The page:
So yeah…you guys need to pay attention to this book. Need to pick up a copy and just have a blast reading it. But once again, don’t take my word for it. Listen to the creators themselves. I asked them to take a few minutes to share a bit about Warbirds. Here’s what they had to say:
Kane: Tell us about your inspiration for the WARBIRDS OF MARS series, and why you wanted to
put together a webcomic with the idea.
Doc: The inspiration goes way back; I’m a pop-culture enthusiast big time, especially early to mid 20th century film, animation, comics, and pulps. When I started seeing all these new, free webcomics a few years back, I noticed how the format was often wide, like newspaper Sunday strips and dailies (Alex Raymond’s Flash Gordon is some of my favorite artwork). So, of course, I wanted to do my own, and it seemed like a good excuse to dust off my own pulp-style ideas that I had sketched out in previous years.
What drew you to working on WARBIRDS OF MARS with me?
Kane: Initially I just wanted to work with you, and hone my chops a bit on comic scripts. You asked me to join you on the webcomic idea, because you wanted to draw and regularly on a series. While I knew I wasn’t as familiar with the era as I could be, it still sounded like a lot of fun. Your ideas were far more fleshed out than I thought they would be. You had long-range ideas for where the series would go, and drawings of all the major characters. You gave me extensive notes on the ‘Martians’ and why they were attacking.
I looked at it all, and immediately saw the potential to take the story in a lot of different directions, because a lot of varied interests had informed your vision. So we could do air-war, and we could do ground adventure. We could do nocturnal avenger, and we could do WWII homage to Where Eagles Dare. I started seeing endless directions, and that, combined with just wanting to work with you again on something, was enough to pull me in. We had fun with the webcomic, and then we got the idea to do something in prose.
Why did you want to expand to prose, and what kind of book did you expect we’d wind up with? Was the anthology what you thought it would be?
Doc: No, it wasn’t exactly what I thought we’d end up with; actually the anthology smashed my expectations with its complete mix of story types and new characters and settings. I figured everyone would write team action stories set in New York or Europe, or sky battles. What we got was all that plus archeological adventure, cosmic horror, weird tales, intrigue, and so much more. It quickly took this little pulp idea in my head and went global. I just wanted the stories and characters to reach new readers through a multitude of great writers and artists, and along the way, I discovered everyone has their own ideas of what pulp is and what it can do. I thought we’d end up with a short book of pastiche, I guess, and to my indescribable joy, we got this thick tome of a variety of story types that all take place in this world we created.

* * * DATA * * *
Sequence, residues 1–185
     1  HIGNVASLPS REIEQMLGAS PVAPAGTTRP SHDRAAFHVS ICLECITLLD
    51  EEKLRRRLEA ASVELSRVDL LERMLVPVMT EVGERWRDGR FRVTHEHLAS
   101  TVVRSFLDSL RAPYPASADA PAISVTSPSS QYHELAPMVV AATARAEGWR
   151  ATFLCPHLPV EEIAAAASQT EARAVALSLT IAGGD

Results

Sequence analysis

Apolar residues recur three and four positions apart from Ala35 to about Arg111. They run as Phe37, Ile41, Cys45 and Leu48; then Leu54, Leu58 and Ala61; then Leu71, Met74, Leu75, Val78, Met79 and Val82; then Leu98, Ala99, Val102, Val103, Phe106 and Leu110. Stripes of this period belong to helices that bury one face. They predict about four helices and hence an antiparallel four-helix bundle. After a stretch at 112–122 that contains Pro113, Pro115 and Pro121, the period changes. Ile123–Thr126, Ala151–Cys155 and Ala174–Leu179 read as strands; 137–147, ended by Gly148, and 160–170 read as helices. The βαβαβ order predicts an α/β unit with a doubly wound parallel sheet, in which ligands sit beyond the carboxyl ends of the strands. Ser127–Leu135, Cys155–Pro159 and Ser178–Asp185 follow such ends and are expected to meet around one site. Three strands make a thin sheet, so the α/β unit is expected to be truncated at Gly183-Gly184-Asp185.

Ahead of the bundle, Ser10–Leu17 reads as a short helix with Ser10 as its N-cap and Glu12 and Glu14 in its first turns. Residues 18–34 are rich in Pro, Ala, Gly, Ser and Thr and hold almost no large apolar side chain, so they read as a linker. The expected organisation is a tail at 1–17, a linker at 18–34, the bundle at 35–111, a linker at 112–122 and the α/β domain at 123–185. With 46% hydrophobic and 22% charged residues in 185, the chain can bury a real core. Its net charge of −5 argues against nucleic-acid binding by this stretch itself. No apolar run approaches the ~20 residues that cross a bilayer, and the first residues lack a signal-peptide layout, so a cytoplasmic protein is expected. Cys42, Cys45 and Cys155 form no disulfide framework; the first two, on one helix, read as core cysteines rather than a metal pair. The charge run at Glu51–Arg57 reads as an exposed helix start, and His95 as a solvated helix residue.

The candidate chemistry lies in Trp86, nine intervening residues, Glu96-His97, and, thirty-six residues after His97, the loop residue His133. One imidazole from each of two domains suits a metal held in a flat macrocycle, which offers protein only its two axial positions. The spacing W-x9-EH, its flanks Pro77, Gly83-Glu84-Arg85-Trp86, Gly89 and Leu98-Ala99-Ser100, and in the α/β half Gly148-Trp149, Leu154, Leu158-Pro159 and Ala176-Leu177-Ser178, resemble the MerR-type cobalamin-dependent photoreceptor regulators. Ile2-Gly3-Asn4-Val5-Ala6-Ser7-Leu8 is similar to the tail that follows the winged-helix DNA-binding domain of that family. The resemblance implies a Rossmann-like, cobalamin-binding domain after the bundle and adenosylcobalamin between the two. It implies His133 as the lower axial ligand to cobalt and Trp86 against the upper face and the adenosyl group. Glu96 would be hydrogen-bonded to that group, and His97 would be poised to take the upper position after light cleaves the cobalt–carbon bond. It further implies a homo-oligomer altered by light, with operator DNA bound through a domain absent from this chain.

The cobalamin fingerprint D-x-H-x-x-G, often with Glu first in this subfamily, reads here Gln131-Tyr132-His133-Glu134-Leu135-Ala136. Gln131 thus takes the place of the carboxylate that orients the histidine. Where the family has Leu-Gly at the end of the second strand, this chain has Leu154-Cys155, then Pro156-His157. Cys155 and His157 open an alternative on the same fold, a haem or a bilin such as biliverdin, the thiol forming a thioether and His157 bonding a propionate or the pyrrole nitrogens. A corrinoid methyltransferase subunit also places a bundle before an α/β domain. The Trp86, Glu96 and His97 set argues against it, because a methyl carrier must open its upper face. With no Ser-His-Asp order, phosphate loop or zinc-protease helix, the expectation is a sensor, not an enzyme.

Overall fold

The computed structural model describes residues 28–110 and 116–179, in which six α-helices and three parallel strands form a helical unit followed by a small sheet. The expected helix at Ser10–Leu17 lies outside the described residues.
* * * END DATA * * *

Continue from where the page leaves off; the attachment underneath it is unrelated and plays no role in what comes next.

Was this your first real work on any sort of anthology as an editor?
Kane: I actually presided over an anthology-sort of project in academia once. It was terribly difficult to get all the materials I needed, and in the end, I left academia entirely before the project saw the light of day. That gave me some idea of what we were in for with this anthology. As it turned out though, we had a relatively easy time of it. Stories came in (even if they were late, but I was prepared for them to be late). Art came in. All of it was better than I hoped it would be. None of it duplicated what anyone else had done.
Now that you’ve gone though the whole process of creating an expanded universe and doing an anthology, would you want to do one again?
Heck, yeah! It was time-consuming, but so interesting. I don’t know if I’d want more control
over it, or leave it just the same—as it was, giving these creative minds a pretty free range yielded such surprising results. I’m terribly interested in seeing if such success could be duplicated.
Now that you’ve been the writer of the webcomic strip for a number of years as well as being co-editor of the new prose WARBIRDS OF MARS: STORIES OF THE FIGHT! anthology, and keeping in mind the sort of ‘infinite possibilities’ these tales seem to open up, where do you see Warbirds going from here?